Divide students into groups of 2–4. Give each student a piece of paper. Write the following scripture references on the board, and assign one of them to each group: 3 Nephi 14:13–14; 3 Nephi 14:15–20; 3 Nephi 14:24–27. (If you have a large class, assign scripture blocks to more than one group.) Ask students to read their assigned scriptures and draw illustrations of the analogies the Savior used. Also have them write what they learn from the analogies.
After sufficient time, have students show their pictures to the class and explain what they have learned. As students present what they have learned, ask questions such as the following:
How is obeying the teachings of Jesus Christ like walking on a narrow path? How is rejecting the teachings of Jesus Christ like walking on a wide path? (See 3 Nephi 14:13–14.) What are some ways the Savior’s teachings are different from the teachings of the world?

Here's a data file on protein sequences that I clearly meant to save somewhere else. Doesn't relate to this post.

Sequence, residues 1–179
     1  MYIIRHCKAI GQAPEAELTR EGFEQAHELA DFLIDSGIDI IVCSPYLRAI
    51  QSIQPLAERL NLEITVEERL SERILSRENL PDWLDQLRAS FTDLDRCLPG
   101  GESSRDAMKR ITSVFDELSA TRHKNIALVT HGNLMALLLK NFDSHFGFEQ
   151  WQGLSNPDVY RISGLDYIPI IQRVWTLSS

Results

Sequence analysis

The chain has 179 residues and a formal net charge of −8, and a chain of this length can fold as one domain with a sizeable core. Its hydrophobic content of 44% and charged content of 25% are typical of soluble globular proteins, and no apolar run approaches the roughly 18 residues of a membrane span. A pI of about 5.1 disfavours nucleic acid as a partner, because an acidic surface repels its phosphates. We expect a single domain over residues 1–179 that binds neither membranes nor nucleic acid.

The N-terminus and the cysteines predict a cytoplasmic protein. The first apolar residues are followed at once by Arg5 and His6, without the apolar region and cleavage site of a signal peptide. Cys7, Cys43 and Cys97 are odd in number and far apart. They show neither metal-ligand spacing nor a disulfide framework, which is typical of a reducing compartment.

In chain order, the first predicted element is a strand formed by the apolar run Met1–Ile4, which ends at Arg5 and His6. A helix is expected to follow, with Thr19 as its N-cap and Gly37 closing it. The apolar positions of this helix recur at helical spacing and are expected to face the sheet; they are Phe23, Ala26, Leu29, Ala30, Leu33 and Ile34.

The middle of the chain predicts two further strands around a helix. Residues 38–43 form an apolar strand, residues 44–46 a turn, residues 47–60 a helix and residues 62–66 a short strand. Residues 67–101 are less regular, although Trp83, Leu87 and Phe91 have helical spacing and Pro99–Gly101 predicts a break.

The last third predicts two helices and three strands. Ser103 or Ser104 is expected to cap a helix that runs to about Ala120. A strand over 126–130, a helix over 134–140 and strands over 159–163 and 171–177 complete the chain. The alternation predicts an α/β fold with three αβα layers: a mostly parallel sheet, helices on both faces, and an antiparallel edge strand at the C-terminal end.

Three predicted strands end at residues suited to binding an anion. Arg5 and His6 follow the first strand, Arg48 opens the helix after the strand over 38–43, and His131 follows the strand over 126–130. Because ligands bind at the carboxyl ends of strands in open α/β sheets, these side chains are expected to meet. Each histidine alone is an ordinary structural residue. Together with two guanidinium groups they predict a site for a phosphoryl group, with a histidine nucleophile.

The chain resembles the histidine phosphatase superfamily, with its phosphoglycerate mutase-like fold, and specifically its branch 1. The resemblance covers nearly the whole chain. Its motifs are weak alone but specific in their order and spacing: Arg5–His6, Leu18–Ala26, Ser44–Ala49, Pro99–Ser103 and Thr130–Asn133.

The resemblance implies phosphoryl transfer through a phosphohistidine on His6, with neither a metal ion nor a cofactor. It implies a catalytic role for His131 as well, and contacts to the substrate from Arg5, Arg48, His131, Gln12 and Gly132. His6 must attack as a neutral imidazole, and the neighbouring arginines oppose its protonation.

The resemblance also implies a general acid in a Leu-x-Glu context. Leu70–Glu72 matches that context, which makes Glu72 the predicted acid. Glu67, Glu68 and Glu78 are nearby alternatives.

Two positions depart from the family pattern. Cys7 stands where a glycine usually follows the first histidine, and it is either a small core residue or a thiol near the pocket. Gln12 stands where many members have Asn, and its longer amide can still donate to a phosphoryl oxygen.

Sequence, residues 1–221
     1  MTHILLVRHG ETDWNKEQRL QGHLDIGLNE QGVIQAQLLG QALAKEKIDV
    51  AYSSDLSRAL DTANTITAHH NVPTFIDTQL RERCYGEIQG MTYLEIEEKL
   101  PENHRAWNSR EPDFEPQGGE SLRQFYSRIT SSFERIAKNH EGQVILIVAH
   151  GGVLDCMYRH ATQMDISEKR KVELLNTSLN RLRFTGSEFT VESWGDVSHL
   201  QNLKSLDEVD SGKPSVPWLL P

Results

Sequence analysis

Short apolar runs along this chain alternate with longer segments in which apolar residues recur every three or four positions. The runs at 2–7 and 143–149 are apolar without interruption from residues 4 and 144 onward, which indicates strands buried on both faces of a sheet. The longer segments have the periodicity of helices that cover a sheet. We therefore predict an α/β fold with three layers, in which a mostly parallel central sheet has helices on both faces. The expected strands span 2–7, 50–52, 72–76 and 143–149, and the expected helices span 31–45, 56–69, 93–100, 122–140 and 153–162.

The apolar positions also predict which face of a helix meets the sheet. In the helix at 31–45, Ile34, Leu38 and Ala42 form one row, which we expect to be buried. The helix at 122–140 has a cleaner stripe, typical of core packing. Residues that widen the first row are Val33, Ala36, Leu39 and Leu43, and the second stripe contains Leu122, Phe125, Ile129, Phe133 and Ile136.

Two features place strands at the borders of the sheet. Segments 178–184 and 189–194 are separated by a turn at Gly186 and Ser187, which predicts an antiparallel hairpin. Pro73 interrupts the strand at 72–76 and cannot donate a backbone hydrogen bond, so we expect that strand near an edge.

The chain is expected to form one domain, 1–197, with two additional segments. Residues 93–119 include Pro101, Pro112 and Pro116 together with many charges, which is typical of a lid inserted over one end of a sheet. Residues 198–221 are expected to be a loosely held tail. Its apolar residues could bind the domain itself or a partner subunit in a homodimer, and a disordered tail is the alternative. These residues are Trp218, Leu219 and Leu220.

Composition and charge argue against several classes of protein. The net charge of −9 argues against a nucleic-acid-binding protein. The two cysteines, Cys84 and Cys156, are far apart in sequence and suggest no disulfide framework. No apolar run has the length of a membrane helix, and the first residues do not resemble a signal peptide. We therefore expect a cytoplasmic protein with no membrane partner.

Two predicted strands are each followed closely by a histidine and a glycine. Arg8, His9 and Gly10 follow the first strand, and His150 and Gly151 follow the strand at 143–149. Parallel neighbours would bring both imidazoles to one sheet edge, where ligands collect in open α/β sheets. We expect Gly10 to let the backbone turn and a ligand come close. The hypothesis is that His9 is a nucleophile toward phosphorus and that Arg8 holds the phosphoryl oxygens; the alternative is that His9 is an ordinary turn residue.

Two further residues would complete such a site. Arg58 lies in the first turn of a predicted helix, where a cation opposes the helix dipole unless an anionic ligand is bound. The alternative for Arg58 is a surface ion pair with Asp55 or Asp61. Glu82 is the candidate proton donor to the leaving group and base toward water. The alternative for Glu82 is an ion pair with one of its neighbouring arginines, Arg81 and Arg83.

Why would a wolf dress in sheep’s clothing? (See 3 Nephi 14:15.) What does this analogy tell us about the desires and actions of false prophets?
If the trees in 3 Nephi 14:16–20 represent people, what might the fruits represent? (Answers might include people’s thoughts, words, actions, and influence on others.)
When we hear the Savior’s words and follow them, how are we like a man who builds his house on a rock? (See 3 Nephi 14:24–25.) If we choose not to follow the Savior’s words, how are we like a man who builds his house on the sand? (See 3 Nephi 14:26–27.)
After the students’ presentations and discussion, ask a student to read 3 Nephi 14:21–23 aloud.
What can we learn from 3 Nephi 14:21? (Students may use different words, but they should identify the following truth [write this truth on the board]: We must do the will of Heavenly Father in order to enter into the kingdom of heaven.)
How does this truth relate to the illustrations of wide and narrow paths, good and bad trees, and the wise man and the foolish man?
Give students a moment to ponder and apply what they have learned from 3 Nephi 14. Invite them to write in notebooks or scripture study journals about how they will improve in their efforts to follow the Savior’s teachings in 3 Nephi 14. Time permitting, invite a few students to summarize what they have learned and to share what they will do because of what they have learned. You might conclude by testifying of blessings you have received as you have followed the will of Heavenly Father.